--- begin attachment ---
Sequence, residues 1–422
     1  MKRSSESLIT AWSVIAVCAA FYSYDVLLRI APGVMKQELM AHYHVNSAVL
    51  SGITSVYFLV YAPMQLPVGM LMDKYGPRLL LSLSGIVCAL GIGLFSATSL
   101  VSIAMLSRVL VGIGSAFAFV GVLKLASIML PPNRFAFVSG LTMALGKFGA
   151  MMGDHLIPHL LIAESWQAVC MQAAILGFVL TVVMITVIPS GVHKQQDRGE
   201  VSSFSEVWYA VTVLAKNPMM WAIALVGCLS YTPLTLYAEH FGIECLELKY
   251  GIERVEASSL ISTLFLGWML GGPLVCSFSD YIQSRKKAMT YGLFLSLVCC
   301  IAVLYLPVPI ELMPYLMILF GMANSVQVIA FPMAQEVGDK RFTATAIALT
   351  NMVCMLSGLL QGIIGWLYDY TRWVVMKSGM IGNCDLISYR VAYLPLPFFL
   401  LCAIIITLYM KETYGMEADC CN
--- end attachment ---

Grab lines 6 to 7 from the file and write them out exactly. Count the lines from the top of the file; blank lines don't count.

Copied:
   201  VSSFSEVWYA VTVLAKNPMM WAIALVGCLS YTPLTLYAEH FGIECLELKY
   251  GIERVEASSL ISTLFLGWML GGPLVCSFSD YIQSRKKAMT YGLFLSLVCC